ayearofcaptivity ayearofcaptivity

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A Year of Captivity  A companion social media project to Jo-Anne McArthur's new book Captive, examining how we see, or fail to see, animals in zoos & aquaria.

An excerpt from Captive: "Recently, our obsession with social media has further degraded any meaningful interactions we might ever have had with the animals; as a result, this book is filled with images of we animals being engaged only with one another or ourselves." - Jo

Captive: the book is available on Amazon. Link in bio.
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📷: Jaguar. France, 2016.

Jo-Anne McArthur/@bornfreefoundation

An entire three-day international conference dedicated to "Confronting Captivity" kicks off today, with thanks to the Performing Animal Welfare Society (@pawsark2000)
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"The 2018 International Captive Wildlife Conference is a global summit that focuses on the confinement and use of captive wild animals, especially those exploited for entertainment. Its aim is to educate, stimulate critical discussion, and promote action to protect and improve the welfare of captive wildlife."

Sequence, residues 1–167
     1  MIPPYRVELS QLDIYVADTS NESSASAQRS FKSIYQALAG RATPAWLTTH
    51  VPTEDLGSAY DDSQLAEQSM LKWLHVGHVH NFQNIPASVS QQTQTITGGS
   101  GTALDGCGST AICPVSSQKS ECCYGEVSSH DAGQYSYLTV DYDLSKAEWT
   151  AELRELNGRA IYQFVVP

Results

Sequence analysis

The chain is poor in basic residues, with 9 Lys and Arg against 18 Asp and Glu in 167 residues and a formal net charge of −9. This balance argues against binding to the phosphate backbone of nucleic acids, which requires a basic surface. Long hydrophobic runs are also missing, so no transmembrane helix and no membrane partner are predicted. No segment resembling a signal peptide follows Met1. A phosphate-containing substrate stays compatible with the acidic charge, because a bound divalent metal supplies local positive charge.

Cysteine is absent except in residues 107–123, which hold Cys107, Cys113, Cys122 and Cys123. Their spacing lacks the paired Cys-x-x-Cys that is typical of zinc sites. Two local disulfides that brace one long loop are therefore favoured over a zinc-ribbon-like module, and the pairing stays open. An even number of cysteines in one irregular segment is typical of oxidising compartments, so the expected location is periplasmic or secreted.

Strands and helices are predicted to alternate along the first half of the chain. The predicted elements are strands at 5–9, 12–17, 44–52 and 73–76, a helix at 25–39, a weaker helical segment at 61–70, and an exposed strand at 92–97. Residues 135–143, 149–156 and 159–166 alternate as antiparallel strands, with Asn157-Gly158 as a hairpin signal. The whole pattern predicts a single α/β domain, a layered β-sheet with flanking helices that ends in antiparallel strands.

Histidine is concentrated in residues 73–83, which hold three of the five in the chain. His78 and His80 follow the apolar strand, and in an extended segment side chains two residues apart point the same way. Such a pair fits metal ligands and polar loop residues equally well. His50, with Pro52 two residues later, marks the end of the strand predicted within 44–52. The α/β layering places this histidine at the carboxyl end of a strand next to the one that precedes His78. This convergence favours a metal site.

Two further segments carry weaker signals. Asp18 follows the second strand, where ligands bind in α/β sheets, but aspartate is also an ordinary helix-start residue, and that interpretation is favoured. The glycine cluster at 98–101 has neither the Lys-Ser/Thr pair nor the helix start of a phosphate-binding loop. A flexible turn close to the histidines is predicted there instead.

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Featuring 45 speakers, representing work for captive wild animals across the world, this event is providing an important platform for this global issue to be discussed.
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Follow @pawsark2000 to find out more.
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Together, we will #endcaptivity.

Last week, the Portuguese parliament passed a new law that will see the use of wild animals in circuses banned by 2024.
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"Parliament has finally realised that larger cages, stricter rules and more controls were not the solution for the problems of these animals, who were reduced to mere puppets, deprived of their dignity." - PAN party lawmaker, Andre Silva via @yahoonews

This new law will cover approximately 40 species of wild animal, including lions, tigers, elephants, camels and zebras. Wild animals who belong in their natural habitats, not in captive environments that are unable to meet their basic needs. In captivity, these individuals suffer terrible physical, mental and emotional deprivation.